Wimbledon 2016: Serena, Venus Move Towards All-Williams Final

CNN/Stylemagazine.com Newswire | 7/6/2016, 9:12 a.m.
Venus Williams could certainly lament "Why me?" and wonder "What if" after Sjogren's syndrome robbed her of some of the ...
Venus and Serena Williams

By Ravi Ubha

CNN

WIMBLEDON (CNN) -- Venus Williams could certainly lament "Why me?" and wonder "What if" after Sjogren's syndrome robbed her of some of the best years of her tennis life.

But instead she takes a matter-of-fact approach, perhaps the result of being one of the mature, elder stateswomen on the tour.

"I don't think about that because you can't change what happens," she told reporters. "It could have happened differently, but it didn't."

"This has been my life, what can I say?" she also said. "I wouldn't wish it any other way. It's been a beautiful life, a great experience. It's been everything."

What's transpiring now for Venus at Wimbledon is historic. When the 36-year-old beat the explosive, but inconsistent, Yaroslava Shvedova 7-6 (7-5) 6-2 on Tuesday, she became the oldest semifinalist at a grand slam since a 37-year-old Martina Navratilova at the All England Club in 1994.

The possibility of an all-Williams final persists, given that younger sibling Serena defeated former sparring partner Anastasia Pavlyuchenkova in workmanlike fashion, 6-4 6-4.

Venus, though, needs to upset Australian Open champion Angelique Kerber -- a 7-5 7-6 (7-2) winner over 2014 French Open finalist Simona Halep -- on Thursday to fulfill her part of the deal. Serena, meanwhile, meets the unseeded Elena Vesnina, who downed soon-to-be bride Dominika Cibulkova 6-2 6-2 to land in her maiden grand slam singles semifinal.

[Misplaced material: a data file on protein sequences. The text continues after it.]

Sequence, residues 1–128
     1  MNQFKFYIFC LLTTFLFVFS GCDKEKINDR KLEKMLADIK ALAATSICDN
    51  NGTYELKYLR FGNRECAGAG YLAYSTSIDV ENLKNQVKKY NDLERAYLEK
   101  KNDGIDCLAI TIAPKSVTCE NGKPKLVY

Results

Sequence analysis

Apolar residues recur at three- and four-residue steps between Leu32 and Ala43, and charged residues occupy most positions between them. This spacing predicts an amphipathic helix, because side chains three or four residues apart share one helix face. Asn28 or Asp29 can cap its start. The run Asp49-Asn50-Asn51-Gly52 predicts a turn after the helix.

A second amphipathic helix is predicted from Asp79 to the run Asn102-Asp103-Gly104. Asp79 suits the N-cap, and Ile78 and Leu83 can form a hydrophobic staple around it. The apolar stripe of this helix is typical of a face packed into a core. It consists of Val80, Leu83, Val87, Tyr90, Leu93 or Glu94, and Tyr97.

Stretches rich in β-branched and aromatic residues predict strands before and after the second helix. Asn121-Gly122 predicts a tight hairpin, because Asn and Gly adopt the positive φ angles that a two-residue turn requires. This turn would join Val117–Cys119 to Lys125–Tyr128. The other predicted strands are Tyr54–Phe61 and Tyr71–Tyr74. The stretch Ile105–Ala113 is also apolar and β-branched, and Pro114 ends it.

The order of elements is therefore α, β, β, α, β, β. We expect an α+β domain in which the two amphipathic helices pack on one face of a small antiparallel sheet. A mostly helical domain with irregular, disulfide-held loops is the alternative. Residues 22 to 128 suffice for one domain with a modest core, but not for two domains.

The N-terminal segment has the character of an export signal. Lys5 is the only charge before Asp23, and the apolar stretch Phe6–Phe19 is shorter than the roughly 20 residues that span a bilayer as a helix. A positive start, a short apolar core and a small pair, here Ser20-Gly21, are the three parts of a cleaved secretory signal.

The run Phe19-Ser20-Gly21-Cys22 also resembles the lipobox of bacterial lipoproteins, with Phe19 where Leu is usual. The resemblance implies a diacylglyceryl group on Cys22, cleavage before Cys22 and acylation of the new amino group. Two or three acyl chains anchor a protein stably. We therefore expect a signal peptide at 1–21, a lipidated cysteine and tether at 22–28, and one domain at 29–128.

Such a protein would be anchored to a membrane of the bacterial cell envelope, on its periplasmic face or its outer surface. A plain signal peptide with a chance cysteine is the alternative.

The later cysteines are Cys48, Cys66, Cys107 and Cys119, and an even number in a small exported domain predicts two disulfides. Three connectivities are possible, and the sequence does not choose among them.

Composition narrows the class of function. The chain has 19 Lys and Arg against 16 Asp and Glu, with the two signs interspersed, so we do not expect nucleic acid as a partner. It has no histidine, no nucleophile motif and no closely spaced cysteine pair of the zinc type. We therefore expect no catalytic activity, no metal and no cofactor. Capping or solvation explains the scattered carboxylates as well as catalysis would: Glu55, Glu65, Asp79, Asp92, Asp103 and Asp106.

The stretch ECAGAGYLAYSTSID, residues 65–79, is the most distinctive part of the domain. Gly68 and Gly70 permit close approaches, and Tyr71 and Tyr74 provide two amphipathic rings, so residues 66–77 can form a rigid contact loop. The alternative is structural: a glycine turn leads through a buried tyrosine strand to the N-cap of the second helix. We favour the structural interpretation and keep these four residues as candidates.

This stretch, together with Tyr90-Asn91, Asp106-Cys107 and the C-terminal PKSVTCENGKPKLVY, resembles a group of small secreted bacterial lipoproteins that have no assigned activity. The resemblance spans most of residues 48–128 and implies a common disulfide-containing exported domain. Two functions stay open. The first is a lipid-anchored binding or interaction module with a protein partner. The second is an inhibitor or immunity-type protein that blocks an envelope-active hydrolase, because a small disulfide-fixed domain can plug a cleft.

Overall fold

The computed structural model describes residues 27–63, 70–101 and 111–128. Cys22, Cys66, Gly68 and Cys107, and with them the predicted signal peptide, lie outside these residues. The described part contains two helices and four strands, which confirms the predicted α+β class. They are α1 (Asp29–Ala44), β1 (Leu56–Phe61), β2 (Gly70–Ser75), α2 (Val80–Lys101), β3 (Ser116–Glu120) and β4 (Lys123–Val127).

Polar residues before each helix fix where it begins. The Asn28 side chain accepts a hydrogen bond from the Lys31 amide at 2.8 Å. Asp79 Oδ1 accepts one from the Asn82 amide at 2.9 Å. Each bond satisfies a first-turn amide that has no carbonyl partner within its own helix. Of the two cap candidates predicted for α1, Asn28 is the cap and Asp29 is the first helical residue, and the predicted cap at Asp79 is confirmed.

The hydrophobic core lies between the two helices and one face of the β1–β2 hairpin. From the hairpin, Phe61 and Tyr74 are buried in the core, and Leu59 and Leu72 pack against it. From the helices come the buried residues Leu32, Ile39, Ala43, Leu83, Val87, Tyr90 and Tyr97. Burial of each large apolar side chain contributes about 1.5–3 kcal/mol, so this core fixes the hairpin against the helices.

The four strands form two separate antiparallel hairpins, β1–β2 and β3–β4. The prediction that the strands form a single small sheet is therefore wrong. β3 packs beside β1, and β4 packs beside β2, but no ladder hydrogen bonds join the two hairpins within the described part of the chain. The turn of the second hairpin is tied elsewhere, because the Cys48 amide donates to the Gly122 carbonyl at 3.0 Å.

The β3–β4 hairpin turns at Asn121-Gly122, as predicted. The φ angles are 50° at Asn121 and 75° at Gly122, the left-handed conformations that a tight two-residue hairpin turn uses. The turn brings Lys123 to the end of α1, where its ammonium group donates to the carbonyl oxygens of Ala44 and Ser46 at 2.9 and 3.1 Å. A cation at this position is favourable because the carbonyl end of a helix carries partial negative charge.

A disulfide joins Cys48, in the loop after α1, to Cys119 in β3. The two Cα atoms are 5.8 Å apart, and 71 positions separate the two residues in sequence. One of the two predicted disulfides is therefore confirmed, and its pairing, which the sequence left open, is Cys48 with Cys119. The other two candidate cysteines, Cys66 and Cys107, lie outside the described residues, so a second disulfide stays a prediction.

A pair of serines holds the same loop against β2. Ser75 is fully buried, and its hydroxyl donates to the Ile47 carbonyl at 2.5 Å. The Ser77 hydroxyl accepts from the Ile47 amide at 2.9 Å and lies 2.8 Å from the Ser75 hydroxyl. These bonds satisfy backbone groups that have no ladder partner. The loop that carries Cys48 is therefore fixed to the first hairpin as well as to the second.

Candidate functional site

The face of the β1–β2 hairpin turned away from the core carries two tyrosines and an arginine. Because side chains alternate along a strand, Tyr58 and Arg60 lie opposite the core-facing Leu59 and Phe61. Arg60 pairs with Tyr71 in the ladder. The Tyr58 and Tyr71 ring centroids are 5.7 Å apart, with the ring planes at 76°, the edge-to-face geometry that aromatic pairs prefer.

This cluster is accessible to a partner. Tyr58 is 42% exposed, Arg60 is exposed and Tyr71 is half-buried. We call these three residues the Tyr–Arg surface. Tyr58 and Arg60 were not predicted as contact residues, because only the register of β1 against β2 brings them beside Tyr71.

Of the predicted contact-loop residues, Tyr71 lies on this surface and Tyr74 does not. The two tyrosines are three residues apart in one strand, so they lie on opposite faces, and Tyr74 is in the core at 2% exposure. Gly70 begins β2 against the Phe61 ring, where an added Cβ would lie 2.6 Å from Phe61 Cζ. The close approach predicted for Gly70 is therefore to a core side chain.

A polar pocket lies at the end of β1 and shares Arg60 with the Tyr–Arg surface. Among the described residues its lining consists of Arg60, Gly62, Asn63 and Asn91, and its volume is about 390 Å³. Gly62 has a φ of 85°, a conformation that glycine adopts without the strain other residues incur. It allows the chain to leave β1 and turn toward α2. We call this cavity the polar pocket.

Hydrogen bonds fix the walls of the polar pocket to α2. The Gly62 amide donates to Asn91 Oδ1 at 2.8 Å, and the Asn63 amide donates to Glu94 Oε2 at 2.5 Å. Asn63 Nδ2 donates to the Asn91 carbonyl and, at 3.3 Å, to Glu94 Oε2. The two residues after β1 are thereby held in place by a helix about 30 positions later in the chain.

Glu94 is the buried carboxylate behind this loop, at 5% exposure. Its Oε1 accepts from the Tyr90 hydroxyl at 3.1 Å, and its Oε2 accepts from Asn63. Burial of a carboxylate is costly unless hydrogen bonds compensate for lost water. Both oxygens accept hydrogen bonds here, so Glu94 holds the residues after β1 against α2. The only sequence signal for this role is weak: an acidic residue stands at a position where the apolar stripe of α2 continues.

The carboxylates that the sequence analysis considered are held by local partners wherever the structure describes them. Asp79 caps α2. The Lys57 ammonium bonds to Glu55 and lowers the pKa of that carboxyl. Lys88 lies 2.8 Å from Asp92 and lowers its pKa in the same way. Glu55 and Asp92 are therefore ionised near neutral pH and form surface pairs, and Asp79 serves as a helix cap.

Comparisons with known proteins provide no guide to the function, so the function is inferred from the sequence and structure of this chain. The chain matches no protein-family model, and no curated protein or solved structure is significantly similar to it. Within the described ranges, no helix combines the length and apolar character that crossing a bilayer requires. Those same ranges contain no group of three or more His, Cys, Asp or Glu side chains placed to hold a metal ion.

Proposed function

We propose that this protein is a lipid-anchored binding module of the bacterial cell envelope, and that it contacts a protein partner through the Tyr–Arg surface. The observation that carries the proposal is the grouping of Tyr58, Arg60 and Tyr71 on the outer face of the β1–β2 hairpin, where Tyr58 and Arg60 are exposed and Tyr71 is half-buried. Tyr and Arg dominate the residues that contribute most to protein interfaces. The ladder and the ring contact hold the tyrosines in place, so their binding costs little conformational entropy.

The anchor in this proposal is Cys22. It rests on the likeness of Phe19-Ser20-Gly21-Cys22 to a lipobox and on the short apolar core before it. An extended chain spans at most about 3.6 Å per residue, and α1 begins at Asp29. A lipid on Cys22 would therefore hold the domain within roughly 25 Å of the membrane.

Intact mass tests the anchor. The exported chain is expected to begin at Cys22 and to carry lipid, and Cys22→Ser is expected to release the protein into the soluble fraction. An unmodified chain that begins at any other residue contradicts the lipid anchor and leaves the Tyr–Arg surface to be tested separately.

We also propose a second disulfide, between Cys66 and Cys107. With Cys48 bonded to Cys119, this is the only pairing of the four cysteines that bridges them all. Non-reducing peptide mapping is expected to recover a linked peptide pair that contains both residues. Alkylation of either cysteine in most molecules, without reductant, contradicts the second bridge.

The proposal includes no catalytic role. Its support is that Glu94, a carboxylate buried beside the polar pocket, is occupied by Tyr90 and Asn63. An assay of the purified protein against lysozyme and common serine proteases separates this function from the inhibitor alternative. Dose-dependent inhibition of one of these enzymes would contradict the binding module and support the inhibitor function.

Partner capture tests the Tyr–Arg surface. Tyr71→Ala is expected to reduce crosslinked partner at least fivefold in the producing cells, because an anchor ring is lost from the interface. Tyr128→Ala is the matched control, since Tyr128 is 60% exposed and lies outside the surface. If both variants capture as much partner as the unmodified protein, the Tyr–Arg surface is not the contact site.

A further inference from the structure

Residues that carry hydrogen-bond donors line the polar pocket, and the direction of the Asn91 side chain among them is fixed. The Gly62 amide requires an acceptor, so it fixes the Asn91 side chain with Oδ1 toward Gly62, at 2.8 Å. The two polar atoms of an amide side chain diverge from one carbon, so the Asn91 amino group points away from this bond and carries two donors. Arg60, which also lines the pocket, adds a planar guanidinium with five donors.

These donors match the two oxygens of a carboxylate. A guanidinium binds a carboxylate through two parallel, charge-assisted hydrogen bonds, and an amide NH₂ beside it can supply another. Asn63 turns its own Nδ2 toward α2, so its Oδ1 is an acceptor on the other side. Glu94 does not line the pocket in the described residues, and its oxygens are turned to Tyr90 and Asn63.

Venus Williams may have never doubted she would feature in the latter stages of a grand slam again but, on the eve of this fortnight in southwest London, tennis onlookers -- with justification -- had different views. The last time Venus found herself in the last four at a major was at the 2010 U.S. Open.

A year later Williams was diagnosed with Sjogren's syndrome, an autoimmune disorder that can cause extreme fatigue and joint pain. There is no cure.

Williams altered her diet, becoming a vegan and staying away from sugar. The American has learned how to manage the illness but never quite knows when she'll wake up feeling unwell, significantly less than 100%.

"I haven't gone through what she's been through but just being around her, she doesn't talk about it and she does hide it if she's having a bad day," David Witt, a former men's pro who coaches her, told CNN.

"I can tell sometimes throughout the year when she wakes up and comes to practice, maybe she feels a little lethargic and tired and it's just one of those days that she fights through," Witt, in Venus' corner for 10 years, first mainly as a hitting partner, added.

"Maybe some of those days are some of the days through the year she didn't have her best performance and she lost and couldn't do what she wanted to do on the court, which is probably very frustrating for her because every time she steps on the court she expects herself to perform and win -- and if she doesn't win she's disappointed."

According to Witt, Venus' preparation for Wimbledon was ideal. They trained in particularly steamy, for this time of year, Florida, where he said the seven-time grand slam champion "was putting in the work, grinding on and off the court."